Here is the population distribution of the last name Menzies: England 3,415; Australia 3,220; United States 2,808; Canada 2,226; Scotland 2,218; Vietnam 1,192; New Zealand 1,153; South Africa 785; Philippines 322; Germany 269.
Alex Menzies was a Scottish football player.
Alex Menzies (footballer, born 1882), was a Scottish international football player.
Archibald Menzies, (1754–1842), was a British specialist and biologist.
Charles Menzies was an anthropologist.
Charles Menzies (1783–1866), was a Royal Marines officer.
Menzies Coat of Arms Meaning
The four main devices (symbols) in the Menzies blazon are the cherub, savage, crescent and sword. The three main tinctures (colors) are argent, gules and ermine .
Argent is the heraldic metal Silver and is usually shown as very pure white. It is also known more poetically as pearl, moon (or luna) . In a sketch or drawing it is represented by plain, unmarked paper .
The bold red colour on a heraldic shield is known as gules. It has a long history within heraldry, it is known that one of those who besieged the scottish castle of Carlaverock in 1300 was the French knight Euremions de la Brette who had as his arms a simple red shield.. The word gules is thought to come from the Arabic gule, or “red rose” . Later writers associated it with the precious stone ruby and the metal iron , perhaps because of the red glow of iron in the heat of the blacksmith’s forge.
Ermine is a very ancient pattern, and distinctive to observe. It was borne alone by John de Monfort, the Earl of Richmond and Duke of Brittany in the late 14th century It has a long association with royalty and the nobility in general and hence represents “Dignity” wherever it is found . The ermine pattern is white with, typically, a three dots and a dart grouping representing the tail of the furred creature.. The ermine spot is sometimes found alone as a special charge on the shield.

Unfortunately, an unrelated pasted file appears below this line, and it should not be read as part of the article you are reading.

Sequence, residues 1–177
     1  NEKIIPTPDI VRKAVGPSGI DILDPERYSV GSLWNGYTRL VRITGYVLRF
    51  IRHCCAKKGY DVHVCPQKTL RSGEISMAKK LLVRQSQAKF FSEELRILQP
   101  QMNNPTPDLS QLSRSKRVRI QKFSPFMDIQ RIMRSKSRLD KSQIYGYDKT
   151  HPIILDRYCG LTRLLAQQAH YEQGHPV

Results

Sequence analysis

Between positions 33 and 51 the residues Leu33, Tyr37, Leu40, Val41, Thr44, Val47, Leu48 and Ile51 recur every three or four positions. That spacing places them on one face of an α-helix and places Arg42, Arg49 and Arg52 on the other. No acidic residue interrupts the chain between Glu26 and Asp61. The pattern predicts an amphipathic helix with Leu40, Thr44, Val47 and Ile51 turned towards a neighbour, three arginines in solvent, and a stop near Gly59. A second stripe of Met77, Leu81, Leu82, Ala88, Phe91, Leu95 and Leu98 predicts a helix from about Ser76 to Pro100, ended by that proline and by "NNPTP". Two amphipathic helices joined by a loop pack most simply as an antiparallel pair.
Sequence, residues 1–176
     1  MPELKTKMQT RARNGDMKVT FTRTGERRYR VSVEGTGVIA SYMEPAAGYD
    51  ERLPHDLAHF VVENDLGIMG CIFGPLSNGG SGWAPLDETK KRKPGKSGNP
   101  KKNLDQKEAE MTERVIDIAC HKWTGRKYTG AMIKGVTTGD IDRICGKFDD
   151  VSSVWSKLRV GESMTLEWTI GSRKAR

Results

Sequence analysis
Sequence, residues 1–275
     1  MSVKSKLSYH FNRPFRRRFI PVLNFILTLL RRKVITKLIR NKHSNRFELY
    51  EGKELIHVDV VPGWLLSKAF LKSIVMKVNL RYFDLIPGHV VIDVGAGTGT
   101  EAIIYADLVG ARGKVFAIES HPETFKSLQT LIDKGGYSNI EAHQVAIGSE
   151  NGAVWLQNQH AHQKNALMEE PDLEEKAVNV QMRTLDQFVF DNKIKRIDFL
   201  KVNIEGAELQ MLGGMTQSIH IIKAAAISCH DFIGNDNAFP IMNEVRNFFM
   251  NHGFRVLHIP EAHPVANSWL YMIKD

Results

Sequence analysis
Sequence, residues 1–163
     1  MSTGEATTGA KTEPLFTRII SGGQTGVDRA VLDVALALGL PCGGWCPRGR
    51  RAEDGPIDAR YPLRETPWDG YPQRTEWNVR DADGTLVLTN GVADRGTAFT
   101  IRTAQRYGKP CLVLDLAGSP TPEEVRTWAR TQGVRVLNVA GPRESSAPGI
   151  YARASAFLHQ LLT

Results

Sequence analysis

There are occaisional examples of mythical beings or objects illustrated in a coat of arms, either as an image upon the shield, or as a supporter, and the Cherub is an example of this. Any meaning must really be ascribed from the charateristics of that object, nothing additional is added through their heraldic use.
Heraldry is a human art, by and for people and it is not surprising that people themselves are frequently depicted in arms . As well as the nobility themselves, we also see both the mundane, ploughmen, fishermen and reapers; and the exotic in the form of club wielding savagesand the Moorish or Saracen gentleman with his decorative wreathed turban .
For easy recognition of the items on a coat of arms, and hence the quick identification of the owner, bold simple shapes are best. Hence, simple geometric shapes are often used for this purpose xz`, and the crescent Is a typical example of this, and can appear in any of the main heraldic tinctures. Some common is this device that there are special names for its appearance in various orientations – whilst it lies normally with points upward, the decrescent points to the sinister side, and the increscent to the dexter . The allusion, obviously is to the shape of the moon in the sky (indeed, the French have a version “figuré” which includes a face!) and has been said to signify both “honour by the sovereign” and “hope of greater glory” .